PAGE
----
Russian official oversees military construction push in far East

His visit comes as Russia overhauls and expands its military resources across its vast territory, including in the Far East region.

A senior Russian official inspected ongoing military construction projects in the Far East this week, emphasizing the need to upgrade facilities ahead of troops returning from deployment.

Andrei Belousov, Deputy Prime Minister in Russia’s government, travelled to Primorye Territory near the Pacific coast to visit the home camp of the 155th Marine Brigade. He toured building sites where new barracks, a canteen, training areas, equipment storage, and other infrastructure are being built or refurbished.

His visit comes as Russia overhauls and expands its military resources across its vast territory, including in the Far East region which has taken on increased strategic importance amid tensions with the West and efforts to bolster deterrence against NATO.

The 155th Marine Brigade is one of Russia’s elite naval infantry units based in Primorye, which borders the Sea of Japan. It is suspected to have seen deployments during the fighting in Ukraine over the past 16 months, though Moscow has not disclosed specifics on which of its forces have been committed to the invasion.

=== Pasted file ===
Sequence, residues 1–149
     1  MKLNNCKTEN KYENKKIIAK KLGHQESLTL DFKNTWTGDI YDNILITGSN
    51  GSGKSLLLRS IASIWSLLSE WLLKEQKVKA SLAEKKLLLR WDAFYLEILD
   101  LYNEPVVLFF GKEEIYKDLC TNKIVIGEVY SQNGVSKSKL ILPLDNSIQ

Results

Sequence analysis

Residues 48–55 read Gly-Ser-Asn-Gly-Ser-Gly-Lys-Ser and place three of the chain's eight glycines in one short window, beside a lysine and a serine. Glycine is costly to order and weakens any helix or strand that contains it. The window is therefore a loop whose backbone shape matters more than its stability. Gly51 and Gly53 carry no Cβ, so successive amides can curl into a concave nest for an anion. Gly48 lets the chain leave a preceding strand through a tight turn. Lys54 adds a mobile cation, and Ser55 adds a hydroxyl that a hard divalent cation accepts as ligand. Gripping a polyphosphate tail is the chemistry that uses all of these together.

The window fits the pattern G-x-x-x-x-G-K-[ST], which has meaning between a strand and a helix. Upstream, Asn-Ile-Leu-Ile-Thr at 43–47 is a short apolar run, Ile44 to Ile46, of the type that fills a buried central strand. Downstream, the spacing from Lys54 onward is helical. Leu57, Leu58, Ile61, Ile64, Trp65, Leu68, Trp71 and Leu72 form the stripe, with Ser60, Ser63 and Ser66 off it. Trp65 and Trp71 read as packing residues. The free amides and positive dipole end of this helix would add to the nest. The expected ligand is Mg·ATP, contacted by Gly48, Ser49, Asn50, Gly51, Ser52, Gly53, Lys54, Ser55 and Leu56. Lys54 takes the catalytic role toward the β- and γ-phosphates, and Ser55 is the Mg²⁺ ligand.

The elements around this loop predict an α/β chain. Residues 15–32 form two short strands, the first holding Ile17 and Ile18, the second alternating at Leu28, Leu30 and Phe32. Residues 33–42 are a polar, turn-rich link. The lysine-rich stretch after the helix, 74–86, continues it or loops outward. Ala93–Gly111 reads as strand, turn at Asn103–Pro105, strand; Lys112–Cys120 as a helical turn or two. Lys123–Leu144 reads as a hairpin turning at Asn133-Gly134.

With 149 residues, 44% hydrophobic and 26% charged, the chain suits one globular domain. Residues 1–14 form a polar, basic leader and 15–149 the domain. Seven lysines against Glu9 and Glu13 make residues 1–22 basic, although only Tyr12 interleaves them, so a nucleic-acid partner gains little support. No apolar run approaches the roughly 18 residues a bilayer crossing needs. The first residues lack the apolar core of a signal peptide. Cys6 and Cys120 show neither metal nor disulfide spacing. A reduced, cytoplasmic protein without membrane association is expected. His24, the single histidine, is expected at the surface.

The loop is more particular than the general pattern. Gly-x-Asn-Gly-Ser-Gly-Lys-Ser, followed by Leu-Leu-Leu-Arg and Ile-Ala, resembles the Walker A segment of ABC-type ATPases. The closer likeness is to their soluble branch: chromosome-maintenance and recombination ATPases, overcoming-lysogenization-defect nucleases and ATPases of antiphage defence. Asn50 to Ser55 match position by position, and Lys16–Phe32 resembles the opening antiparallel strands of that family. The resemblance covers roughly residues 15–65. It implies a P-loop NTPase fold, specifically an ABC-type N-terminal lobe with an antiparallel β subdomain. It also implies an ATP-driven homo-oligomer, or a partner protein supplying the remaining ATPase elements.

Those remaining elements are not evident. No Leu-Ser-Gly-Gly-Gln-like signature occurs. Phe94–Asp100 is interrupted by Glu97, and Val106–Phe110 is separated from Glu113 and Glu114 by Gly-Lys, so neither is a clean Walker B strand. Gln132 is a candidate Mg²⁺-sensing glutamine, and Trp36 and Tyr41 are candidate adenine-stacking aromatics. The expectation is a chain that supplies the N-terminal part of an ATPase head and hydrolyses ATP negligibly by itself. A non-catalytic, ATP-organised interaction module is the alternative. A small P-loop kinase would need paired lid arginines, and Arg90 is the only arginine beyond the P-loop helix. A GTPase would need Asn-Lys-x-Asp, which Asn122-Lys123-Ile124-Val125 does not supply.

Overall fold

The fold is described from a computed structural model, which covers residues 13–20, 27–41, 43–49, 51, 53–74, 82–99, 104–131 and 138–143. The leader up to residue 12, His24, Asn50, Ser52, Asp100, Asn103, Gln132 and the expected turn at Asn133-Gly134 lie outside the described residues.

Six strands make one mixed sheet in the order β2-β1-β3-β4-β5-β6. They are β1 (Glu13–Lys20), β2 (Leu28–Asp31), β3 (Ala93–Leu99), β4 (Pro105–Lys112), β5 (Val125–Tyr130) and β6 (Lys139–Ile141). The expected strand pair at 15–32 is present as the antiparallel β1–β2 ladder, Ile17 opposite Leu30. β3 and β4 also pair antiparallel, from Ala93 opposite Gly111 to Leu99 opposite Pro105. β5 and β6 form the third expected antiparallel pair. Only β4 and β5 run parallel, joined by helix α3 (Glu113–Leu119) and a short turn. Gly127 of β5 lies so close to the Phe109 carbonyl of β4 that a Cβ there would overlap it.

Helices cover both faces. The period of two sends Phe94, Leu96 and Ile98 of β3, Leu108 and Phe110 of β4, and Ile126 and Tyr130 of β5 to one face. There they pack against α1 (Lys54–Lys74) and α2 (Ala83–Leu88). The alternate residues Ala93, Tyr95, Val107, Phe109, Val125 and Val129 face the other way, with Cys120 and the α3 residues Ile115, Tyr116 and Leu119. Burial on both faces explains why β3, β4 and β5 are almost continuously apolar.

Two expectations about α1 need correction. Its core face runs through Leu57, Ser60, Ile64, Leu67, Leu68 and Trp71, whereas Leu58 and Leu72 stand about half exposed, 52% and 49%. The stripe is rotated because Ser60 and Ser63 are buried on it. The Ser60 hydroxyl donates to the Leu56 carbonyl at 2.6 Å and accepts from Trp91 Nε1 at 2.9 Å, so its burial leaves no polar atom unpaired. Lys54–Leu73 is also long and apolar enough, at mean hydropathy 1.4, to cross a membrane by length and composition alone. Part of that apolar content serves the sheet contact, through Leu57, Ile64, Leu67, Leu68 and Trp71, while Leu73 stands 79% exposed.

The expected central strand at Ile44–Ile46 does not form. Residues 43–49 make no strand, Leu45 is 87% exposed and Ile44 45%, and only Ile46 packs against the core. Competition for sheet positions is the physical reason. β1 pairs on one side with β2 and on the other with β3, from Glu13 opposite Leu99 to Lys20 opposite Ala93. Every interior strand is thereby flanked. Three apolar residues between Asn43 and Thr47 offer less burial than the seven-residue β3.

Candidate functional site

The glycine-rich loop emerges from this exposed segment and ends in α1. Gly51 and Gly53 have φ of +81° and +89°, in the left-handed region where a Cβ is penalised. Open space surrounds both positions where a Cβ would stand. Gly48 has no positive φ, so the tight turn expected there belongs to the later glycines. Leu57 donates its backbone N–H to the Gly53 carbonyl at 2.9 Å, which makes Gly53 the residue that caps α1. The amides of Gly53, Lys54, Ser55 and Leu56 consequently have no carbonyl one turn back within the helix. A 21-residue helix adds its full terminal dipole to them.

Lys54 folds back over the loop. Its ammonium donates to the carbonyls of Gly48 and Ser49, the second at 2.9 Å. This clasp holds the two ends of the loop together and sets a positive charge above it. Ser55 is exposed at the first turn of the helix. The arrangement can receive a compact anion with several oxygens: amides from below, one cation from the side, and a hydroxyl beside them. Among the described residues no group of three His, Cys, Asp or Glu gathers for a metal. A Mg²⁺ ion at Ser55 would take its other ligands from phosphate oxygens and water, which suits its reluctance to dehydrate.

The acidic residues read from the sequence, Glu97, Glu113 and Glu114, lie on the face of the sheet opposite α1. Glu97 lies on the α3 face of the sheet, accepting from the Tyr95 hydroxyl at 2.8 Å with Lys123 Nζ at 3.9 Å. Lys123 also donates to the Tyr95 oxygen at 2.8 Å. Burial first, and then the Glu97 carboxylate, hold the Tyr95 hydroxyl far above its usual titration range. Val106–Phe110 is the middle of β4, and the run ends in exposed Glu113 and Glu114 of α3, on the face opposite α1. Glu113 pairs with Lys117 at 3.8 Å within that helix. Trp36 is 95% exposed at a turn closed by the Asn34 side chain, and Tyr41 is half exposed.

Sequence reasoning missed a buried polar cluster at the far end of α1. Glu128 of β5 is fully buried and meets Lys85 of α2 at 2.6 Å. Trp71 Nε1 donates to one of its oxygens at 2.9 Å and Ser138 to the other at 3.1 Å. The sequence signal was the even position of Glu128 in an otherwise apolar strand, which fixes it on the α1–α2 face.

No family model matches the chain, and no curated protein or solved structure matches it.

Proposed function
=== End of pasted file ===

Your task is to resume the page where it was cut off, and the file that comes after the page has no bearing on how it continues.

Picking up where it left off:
By demanding strict adherence to construction timelines, Belousov signalled that troops from the 155th Marines would soon cycle out of Ukraine or other operational areas and require modern, upgraded facilities upon their return to the Pacific base.

Russia has poured vast resources into rebuilding its military capabilities and force projection after years of underinvestment following the collapse of the Soviet Union. The Kremlin has cited the need to counter what it calls aggression by NATO countries near its borders.

In addition to modernizing existing bases like that of the 155th Marines, Russia has reopened and rebuilt abandoned Soviet-era military infrastructure across its Arctic regions and Pacific islands as part of a strategic pullback from foreign commitments.

Moscow’s construction blitz aims to ensure it has troops properly housed, trained and equipped to rapidly deploy for any potential future conflict, particularly as its military remains bogged down in Ukraine with no end in sight.

While shoring up its conventional forces in the East, Russia is simultaneously investing heavily in nuclear capabilities, including the ramp-up of production for a new generation of intercontinental ballistic missiles.

Belousov’s on-site inspection of the Primorye construction highlighted the urgency Moscow has placed on military refurbishment projects across its sprawling territory during an exceptionally turbulent period in global affairs.